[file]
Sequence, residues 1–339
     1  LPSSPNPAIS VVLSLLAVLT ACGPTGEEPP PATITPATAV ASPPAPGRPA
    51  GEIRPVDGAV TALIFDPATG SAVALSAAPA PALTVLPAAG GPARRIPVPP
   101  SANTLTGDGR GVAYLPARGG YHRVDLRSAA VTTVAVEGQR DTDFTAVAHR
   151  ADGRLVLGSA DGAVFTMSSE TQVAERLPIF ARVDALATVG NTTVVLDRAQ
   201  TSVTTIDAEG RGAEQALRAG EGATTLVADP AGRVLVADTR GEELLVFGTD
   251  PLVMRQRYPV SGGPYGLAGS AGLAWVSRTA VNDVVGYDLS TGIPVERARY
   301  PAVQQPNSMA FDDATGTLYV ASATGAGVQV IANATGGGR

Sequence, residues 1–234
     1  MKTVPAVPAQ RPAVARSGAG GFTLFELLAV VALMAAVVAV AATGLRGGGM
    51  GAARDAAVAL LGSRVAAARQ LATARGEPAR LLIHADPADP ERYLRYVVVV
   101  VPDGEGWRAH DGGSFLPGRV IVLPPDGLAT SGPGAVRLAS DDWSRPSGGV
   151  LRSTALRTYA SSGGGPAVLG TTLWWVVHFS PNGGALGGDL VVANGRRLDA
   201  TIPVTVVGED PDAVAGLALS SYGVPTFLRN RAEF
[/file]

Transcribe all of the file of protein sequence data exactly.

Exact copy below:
Sequence, residues 1–339
     1  LPSSPNPAIS VVLSLLAVLT ACGPTGEEPP PATITPATAV ASPPAPGRPA
    51  GEIRPVDGAV TALIFDPATG SAVALSAAPA PALTVLPAAG GPARRIPVPP
   101  SANTLTGDGR GVAYLPARGG YHRVDLRSAA VTTVAVEGQR DTDFTAVAHR
   151  ADGRLVLGSA DGAVFTMSSE TQVAERLPIF ARVDALATVG NTTVVLDRAQ
   201  TSVTTIDAEG RGAEQALRAG EGATTLVADP AGRVLVADTR GEELLVFGTD
   251  PLVMRQRYPV SGGPYGLAGS AGLAWVSRTA VNDVVGYDLS TGIPVERARY
   301  PAVQQPNSMA FDDATGTLYV ASATGAGVQV IANATGGGR

Sequence, residues 1–234
     1  MKTVPAVPAQ RPAVARSGAG GFTLFELLAV VALMAAVVAV AATGLRGGGM
    51  GAARDAAVAL LGSRVAAARQ LATARGEPAR LLIHADPADP ERYLRYVVVV
   101  VPDGEGWRAH DGGSFLPGRV IVLPPDGLAT SGPGAVRLAS DDWSRPSGGV
   151  LRSTALRTYA SSGGGPAVLG TTLWWVVHFS PNGGALGGDL VVANGRRLDA
   201  TIPVTVVGED PDAVAGLALS SYGVPTFLRN RAEF